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A severe achy-joint fever spreading in Asia via mosquitoes could easily reach more countries in the region and potentially take hold in Europe and the United States, World Health Organization (WHO) experts warn.
The fever, called chikungunya, is ravaging parts of Indonesia, sickening people with rashes, vomiting, headaches and joint pain so intense it is often too painful for victims to sit or stand.
"It's enormously disruptive ... the outbreaks are very abrupt and intense," said Michael Nathan, a mosquito-borne disease expert at the WHO in Geneva. "Lots and lots of people are seeking help all at the same time and services struggle to cope with that."
Singapore reported eight suspected cases this week, the first time the virus has spread locally, according to a Ministry of Health statement. Officials were scouring the area to destroy mosquito breeding grounds, and tests were conducted to ensure no one else was infected, it said. Taiwan also detected three cases in travelers from Indonesia, two in December and another earlier last year.
Nearly 300 people in northern Italy were sickened in 2007 after an infected traveler came from India, the first time an imported case of the tropical disease sparked a local outbreak in Europe.
Although rarely fatal, the virus can lead to death in patients with other underlying health conditions and is especially hard on the elderly.
Symptoms are similar to dengue fever, another mosquito-borne disease, but joint and muscle pain is typically more intense and longer lasting with arthritis-like aches reported months or even years after infection. Dengue is considered more dangerous because it can cause internal bleeding that leads to death.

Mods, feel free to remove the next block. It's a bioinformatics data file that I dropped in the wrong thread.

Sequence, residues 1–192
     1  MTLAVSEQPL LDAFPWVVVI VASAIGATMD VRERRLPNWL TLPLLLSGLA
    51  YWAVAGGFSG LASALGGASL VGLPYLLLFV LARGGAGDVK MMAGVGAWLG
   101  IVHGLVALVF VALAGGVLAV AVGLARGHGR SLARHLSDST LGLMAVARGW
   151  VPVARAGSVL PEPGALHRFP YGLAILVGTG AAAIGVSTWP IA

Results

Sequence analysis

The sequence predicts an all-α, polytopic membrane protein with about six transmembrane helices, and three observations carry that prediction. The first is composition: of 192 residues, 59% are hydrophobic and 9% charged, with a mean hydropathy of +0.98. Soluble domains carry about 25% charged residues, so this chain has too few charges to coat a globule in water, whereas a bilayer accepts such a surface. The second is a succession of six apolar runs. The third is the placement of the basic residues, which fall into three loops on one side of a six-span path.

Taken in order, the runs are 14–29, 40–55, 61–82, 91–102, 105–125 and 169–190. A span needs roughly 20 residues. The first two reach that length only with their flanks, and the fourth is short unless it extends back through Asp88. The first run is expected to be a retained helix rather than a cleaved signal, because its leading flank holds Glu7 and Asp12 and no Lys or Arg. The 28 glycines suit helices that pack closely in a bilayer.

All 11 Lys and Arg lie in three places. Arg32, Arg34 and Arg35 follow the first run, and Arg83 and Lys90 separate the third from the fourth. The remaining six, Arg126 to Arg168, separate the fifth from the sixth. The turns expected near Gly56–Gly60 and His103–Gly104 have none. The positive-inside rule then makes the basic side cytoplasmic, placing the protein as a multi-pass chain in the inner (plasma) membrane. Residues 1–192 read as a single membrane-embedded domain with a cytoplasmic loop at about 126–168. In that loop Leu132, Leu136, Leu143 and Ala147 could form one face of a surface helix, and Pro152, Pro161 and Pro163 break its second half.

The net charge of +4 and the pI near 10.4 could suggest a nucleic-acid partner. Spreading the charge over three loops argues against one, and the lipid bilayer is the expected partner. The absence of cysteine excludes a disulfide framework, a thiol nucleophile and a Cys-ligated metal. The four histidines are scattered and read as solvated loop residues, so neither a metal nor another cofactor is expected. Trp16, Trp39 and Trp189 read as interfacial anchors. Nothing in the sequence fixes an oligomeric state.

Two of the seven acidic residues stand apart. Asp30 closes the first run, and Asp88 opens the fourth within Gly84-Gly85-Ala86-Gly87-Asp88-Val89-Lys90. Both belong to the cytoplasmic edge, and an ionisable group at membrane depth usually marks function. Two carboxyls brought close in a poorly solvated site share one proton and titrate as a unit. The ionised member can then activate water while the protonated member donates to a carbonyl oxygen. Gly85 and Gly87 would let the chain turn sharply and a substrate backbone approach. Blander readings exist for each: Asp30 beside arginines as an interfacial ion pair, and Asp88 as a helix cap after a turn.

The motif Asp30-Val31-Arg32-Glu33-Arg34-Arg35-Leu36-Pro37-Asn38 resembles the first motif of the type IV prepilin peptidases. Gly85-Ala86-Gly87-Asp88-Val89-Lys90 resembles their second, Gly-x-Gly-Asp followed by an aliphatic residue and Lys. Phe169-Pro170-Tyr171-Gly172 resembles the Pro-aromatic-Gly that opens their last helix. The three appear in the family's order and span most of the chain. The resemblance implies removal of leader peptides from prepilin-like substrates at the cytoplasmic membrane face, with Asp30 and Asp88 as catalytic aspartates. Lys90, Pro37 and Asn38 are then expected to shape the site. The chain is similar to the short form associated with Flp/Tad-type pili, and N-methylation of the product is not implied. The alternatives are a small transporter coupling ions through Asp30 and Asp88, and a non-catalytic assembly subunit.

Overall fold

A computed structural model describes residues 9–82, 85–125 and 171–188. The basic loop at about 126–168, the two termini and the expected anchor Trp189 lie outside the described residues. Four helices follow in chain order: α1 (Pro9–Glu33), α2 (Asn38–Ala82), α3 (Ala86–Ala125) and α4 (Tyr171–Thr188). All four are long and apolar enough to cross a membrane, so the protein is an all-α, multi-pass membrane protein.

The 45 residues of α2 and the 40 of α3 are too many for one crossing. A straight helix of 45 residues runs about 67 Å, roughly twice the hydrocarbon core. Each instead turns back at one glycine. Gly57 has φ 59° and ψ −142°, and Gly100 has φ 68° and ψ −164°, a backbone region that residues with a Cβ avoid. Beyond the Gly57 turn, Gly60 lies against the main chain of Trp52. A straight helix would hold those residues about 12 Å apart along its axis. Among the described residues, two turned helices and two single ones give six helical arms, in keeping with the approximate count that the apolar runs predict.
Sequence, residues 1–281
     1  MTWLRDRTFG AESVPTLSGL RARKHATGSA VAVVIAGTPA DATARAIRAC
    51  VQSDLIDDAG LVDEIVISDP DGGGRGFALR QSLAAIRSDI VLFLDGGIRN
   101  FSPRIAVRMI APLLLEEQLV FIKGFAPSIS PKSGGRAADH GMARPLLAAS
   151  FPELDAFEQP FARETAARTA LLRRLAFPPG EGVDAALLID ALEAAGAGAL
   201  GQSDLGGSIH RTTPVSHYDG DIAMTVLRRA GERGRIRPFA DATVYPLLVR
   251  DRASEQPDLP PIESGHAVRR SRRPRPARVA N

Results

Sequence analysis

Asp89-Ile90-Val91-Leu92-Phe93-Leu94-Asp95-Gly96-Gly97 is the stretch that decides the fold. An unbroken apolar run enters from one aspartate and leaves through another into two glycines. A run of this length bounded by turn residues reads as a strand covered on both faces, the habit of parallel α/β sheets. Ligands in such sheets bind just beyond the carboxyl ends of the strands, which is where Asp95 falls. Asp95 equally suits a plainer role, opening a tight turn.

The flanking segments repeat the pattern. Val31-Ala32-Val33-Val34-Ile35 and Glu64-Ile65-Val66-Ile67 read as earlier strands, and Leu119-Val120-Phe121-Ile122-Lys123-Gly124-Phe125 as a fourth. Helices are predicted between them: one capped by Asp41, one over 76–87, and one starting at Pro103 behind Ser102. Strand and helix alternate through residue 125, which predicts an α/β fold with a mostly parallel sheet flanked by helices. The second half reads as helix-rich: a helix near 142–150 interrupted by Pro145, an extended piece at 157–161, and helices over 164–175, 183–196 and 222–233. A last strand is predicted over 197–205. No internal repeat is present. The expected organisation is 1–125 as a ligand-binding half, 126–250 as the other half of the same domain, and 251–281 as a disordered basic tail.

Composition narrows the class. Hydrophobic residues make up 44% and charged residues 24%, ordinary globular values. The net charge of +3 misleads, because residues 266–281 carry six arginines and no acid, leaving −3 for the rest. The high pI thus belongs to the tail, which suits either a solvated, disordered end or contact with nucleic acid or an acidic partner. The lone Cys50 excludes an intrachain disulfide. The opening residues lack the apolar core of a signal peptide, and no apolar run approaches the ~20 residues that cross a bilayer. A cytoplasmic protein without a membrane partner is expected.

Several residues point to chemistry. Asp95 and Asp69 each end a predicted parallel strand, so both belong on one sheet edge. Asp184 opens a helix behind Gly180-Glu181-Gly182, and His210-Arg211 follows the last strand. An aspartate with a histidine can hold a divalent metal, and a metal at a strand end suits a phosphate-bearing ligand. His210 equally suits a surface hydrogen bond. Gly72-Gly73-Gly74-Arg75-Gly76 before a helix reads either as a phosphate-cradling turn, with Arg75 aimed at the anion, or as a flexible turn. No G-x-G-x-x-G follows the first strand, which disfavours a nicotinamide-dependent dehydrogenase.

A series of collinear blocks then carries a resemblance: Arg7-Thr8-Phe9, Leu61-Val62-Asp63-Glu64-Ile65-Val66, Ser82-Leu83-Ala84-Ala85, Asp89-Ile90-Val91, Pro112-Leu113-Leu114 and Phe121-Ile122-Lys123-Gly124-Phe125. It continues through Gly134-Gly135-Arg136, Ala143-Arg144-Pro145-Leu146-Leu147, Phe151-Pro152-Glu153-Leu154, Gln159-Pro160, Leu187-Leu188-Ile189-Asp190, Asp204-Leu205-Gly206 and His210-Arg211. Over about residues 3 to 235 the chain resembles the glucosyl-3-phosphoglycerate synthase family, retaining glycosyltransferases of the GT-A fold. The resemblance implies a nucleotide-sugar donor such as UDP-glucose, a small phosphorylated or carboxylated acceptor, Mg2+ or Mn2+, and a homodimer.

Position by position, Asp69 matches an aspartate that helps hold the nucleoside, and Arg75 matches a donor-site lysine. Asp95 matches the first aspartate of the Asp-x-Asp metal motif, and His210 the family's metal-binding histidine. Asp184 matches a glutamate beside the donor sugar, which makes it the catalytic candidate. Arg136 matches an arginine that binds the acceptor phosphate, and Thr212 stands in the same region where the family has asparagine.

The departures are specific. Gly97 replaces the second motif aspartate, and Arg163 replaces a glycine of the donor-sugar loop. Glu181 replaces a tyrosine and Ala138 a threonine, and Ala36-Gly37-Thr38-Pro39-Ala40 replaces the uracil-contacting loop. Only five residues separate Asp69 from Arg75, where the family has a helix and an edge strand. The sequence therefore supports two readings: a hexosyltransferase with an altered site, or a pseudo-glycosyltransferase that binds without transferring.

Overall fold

Chikungunya was first identified in Tanzania in the early 1950s and has caused periodic outbreaks in Asia and Africa since the 1960s. In 2005, the Indian Ocean island of Reunion, popular with French tourists, was devastated by the disease, with up to a third of the population sickened.
Researchers from the University of Texas discovered a mutation occurred during that outbreak, which allowed the disease to be spread efficiently by the Asian tiger mosquito. Previously, the Aedes aegypti, or yellow fever mosquito, was the main transmitter.
The tiger mosquito can survive in cooler climates, giving it a much wider geographic range, including Europe and North America. The virus could spread if an infected traveler is bitten and carries it into a new territory where other tiger mosquitoes can pass it on. The disease has shown up in the United States nearly 40 times but has never triggered an outbreak.
"With international travel being easy and fast, it is easy for the virus to be imported into a new region," said Stephen Higgs, co-author of the University of Texas findings published last month in the Public Library of Science journal PLoS Pathogens.
Health experts also say climate change is helping the virus spread because warmer temperatures are allowing mosquito-borne diseases, including malaria and dengue fever, to expand into areas that were previously too cold for breeding.
Warmer weather can also shorten mosquito life cycles, potentially doubling the number of insects born in one week, said Erna Tresnaningsih, director of animal-borne diseases at Indonesia's Ministry of Health.
"We'll have more mosquitoes, which need a shorter time to mature and will immediately seek the blood they need to breed," she said.
Chikungunya resurfaced in India in 2006, catching health officials off guard with its quick spread.
"Initially, we thought there would be 1,000 or 10,000 cases maximum, but in 2006 alone we had 1.4 million suspected cases," said Chusak Prasittisuk, a vector disease expert at WHO's South-East Asia regional office in New Delhi. "It spread from two or three states to 17 states in India." (AP)
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